Monthly Archives: April 2016
If you do a quick search for the history of District Nursing you’ll no doubt discover that William Rathbone’s founded of what is described as the first district nursing service in Liverpool in 1863. If you dig a little deeper you might also unearth the fact that almost forty years before Rathbone’s philanthropic gesture Elizabeth Fry, the well-known prison reformer, set up home nursing services in Brighton after seeing for herself the shocking conditions of the poor.
You’ll even read how Florence Nightingale supported the founding of District Nurse Associations throughout the country describing district nursing as “that most important of all its [nursing] branches”.
This seems a laudable statement until you learn that as the notable Lady with the Lamp was lamenting in 1867 that “until we have district nursing in London we shall have done nothing even when we have reformed all the hospitals and all the workhouses” Ellen Ranyard had already laid the foundation of the first district nurse service in London ten years before.
Born in Nine Elms in 1809 Ellen Ranyard, the wife of a non-conformist minister, founded the Bible and Domestic Female Mission in 1857. Unlike many of the mission societies formed at that time instead of utilising middle and upper-class women to further its cause Ellen Ranyard recruited her Biblewomen from the poor working-class communities the Mission was reaching out to.
Although very successful in their initial goal of distributing bible tracts to the poor it soon became clear that a practical as well as spiritual dimension was needed so in 1868 the Biblewomen nurses were established. They, too, were poor, working women who after three months training in a London hospital would return to serve their communities as Biblewomen nurses.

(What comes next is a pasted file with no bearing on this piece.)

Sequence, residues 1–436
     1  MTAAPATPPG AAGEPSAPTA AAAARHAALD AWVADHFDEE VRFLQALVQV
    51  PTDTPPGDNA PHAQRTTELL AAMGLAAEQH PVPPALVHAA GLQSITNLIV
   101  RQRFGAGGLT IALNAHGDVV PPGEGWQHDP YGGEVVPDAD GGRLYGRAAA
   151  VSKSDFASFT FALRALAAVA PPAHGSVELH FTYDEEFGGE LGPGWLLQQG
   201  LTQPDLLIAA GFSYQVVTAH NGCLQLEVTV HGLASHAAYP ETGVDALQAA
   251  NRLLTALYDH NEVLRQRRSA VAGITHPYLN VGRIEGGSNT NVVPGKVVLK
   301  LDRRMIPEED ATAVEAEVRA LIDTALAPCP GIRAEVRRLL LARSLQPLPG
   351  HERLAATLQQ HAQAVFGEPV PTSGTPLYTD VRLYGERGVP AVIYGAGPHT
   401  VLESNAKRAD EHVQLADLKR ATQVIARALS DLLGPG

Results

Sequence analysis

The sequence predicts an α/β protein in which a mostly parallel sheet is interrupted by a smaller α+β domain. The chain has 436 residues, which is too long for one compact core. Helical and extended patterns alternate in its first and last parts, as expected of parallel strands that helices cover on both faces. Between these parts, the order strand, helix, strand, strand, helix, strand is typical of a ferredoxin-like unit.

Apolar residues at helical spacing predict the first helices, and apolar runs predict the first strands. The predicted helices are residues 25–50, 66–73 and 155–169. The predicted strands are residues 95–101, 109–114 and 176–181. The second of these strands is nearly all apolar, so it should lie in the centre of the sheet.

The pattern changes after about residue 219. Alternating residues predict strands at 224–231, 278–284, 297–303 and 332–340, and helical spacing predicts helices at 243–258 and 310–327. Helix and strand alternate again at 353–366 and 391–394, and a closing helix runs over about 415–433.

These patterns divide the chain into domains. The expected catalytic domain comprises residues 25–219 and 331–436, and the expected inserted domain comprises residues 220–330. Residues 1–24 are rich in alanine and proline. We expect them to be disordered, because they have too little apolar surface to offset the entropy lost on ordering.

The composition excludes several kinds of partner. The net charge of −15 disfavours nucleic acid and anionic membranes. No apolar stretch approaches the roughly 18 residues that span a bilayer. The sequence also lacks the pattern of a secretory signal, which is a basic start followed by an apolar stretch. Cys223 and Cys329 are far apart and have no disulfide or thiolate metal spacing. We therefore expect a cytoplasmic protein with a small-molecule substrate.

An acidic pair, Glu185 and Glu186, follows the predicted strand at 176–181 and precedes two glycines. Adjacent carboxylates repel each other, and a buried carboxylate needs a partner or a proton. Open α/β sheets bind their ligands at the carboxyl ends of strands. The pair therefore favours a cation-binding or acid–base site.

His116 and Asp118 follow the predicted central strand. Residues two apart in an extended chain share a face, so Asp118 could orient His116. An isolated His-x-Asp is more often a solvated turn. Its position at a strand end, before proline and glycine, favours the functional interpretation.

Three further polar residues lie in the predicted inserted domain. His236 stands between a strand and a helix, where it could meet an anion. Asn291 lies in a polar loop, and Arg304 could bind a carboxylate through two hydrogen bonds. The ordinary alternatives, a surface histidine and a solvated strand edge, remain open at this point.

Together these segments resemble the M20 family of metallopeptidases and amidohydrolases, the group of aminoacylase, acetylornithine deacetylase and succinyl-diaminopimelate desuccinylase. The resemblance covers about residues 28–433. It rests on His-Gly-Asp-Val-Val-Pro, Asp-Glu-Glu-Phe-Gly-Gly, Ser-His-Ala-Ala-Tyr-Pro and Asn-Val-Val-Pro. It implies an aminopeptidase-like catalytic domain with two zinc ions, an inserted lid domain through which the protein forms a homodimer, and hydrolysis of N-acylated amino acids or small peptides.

Although initially based in Covent Garden they soon expanded east to Whitechapel and south to Bermondsey. Their duties included referring patients to doctors and hospitals, inspecting infants in mother’s meetings, and encouraging medical self-help among the poor.
Within 25 years the Bible and Domestic Female Mission had over 80 Biblewoman nurses in London and Ranyard’s Biblewomen nurses continued to operate in South London even after the introduction of the National Health Service but were absorbed into the London borough’s district nursing services in 1965.
I discovered Ellen Ranyard when researching my post-war East London District Nurse series and the fictitious St George and St Dunstan’s District Nursing Association in my books is based on the East London Nursing Society founded by Ellen Ranyard’s Biblewomen Nurses Mission in Poplar.
Today her fierce evangelical fervour and views on the causes of poverty would be regarded as narrow and bigoted. However, her pragmatic way of ministering to the poor and sick introduced for the first time the model of cultural link-workers used in health promotion work throughout the world today.Share this...
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I can pinpoint the moment I fell head over heels in love with history to the day, as a child I watched Roger Moore as Ivanhoe gallop across our black and white TV screen on a white horse.